For everything new about New View, it still fits comfortably in the continuity of Friedberger’s work. By coincidence, Knieper’s studio in Germantown, NY where the album was recorded is in a barn that was once rented by Matthew Friedberger and stored the furniture of their grandmother — the same grandmother whose spoken word reminiscences were the basis of the Fiery Furnaces LP Rehearsing My Choir. You won’t hear much of that album here, but songs like “Open Season” recall the Furnaces at their most magisterial. The wry, plainspoken “Because I Asked You” builds on the style Friedberger first polished on her solo debut Last Summer. And then there’s “A Long Walk,” the sun-striped finale that lends a memorable afterglow to New View. It’s a sweet, aching goodbye from an album that seems full of them.

— SCOTT JACOBSON
Nicole Atkins
Nicole Atkins
A neon noir tour de force of hi-def late-night pop, Slow Phaser marks Nicole Atkins’ most ingenious and indelibly modern collection to date. Produced by Tore Johannson - with whom she partnered on her now-classic 2007 debut, Neptune City - the album is a milestone for the acclaimed singer/songwriter, her restless creativity fully realized via the addition of some surprising colors to her already diverse paintbox. Songs like the poptastic “Girl You Look Amazing” and the sultry “Red Ropes” positively swirl with day-glo danceability, the bright hues setting Atkins’ distinctive creative voice in a brilliant and undeniable new light. Bittersweet yet life affirming, Slow Phaser is Nicole Atkins at her confident and unpredictable best – spirited, sexy, and determinedly forward thinking.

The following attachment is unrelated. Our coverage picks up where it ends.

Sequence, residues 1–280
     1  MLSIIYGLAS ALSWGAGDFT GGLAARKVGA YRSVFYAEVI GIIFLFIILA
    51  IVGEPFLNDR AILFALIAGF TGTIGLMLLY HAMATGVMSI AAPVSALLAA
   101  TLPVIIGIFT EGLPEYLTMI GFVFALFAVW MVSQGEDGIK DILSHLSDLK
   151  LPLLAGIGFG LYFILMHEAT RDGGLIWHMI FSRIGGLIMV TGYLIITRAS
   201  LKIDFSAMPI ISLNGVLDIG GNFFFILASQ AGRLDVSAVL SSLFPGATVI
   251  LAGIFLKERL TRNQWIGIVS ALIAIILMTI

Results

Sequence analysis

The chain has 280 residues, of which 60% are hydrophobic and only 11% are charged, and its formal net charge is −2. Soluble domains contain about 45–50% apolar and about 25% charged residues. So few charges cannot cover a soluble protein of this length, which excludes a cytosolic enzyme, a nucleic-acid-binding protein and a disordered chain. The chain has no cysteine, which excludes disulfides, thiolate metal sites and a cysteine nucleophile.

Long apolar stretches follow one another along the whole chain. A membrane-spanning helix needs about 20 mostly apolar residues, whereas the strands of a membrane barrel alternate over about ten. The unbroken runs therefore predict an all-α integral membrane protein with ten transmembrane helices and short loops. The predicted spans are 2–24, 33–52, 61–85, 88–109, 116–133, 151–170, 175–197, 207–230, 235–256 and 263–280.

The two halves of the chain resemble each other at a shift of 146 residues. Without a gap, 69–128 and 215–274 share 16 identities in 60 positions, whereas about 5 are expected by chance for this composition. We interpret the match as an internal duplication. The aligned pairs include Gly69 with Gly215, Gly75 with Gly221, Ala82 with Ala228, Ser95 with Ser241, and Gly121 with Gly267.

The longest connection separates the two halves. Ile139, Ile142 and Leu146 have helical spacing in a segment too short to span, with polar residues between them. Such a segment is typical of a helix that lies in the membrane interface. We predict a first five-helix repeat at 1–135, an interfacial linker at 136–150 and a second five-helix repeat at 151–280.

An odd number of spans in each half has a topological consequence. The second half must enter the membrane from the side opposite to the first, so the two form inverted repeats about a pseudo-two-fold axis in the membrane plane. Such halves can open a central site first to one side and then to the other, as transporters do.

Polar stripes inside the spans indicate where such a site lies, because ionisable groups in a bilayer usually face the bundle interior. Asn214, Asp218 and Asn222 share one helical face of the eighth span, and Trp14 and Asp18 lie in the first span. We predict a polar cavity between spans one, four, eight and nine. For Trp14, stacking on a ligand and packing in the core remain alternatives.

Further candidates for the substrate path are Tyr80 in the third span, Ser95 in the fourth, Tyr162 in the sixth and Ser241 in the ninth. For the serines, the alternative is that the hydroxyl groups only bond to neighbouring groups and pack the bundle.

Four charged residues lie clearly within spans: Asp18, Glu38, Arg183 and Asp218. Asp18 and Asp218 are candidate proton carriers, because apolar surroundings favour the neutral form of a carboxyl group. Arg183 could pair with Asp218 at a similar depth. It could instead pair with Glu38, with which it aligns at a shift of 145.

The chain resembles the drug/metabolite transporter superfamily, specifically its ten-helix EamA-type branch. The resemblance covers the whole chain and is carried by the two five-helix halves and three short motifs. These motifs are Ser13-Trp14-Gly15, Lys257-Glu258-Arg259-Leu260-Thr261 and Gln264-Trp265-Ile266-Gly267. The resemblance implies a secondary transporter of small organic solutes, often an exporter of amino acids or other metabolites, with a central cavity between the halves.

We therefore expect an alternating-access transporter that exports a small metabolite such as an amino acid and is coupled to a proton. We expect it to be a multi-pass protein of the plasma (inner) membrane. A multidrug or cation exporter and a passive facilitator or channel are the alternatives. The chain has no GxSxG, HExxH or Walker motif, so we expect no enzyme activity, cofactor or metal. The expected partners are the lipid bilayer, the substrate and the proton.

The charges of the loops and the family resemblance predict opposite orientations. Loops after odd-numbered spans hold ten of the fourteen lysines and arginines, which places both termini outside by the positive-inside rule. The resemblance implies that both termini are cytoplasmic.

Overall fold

“I wanted to make something that no one’s ever heard before,” she says, “including myself.”

A charismatic and committed live performer, Atkins followed 2011’s adventurous Mondo Amore with a long year on the road. Upon her return, the New Jersey-based artist began to rethink her overall approach. Atkins went on creative walkabout, visiting various musician friends across the country and starting a productive collaboration with veteran drummer/producer Jim Sclavunos (Nick Cave & The Bad Seeds, The Cramps, Teenage Jesus & The Jerks). The two clicked immediately, penning three songs on the very first day they set to work.

“Jim really helped me articulate a lot of what I was feeling,” she says. “He helped me make the things I was writing sound more like when I just wrote songs for myself. He taught me a lot about writing… again.”

Luckily – or perhaps not – she was in Memphis when Hurricane Sandy wreaked its havoc on the Jersey Shore and her familial home.

“It was awful,” she says. “The whole first floor was flooded, we didn’t have power for 18 days. Everything is pretty much back now, but its different. Everybody in the town aged a lot this year.”

As she pondered her next move, fate rang long distance. Hearing of her recent travails, her old producer Tore Johansson – known for his work with Franz Ferdinand, The Cardigans, and many others – invited Atkins to come record at his residential Malmö, Sweden studio.

“He said, ‘As soon as you can get here, get here,’” she says. “It was the perfect double whammy. Here was someone who was going to help me make my record and give me a place to live.”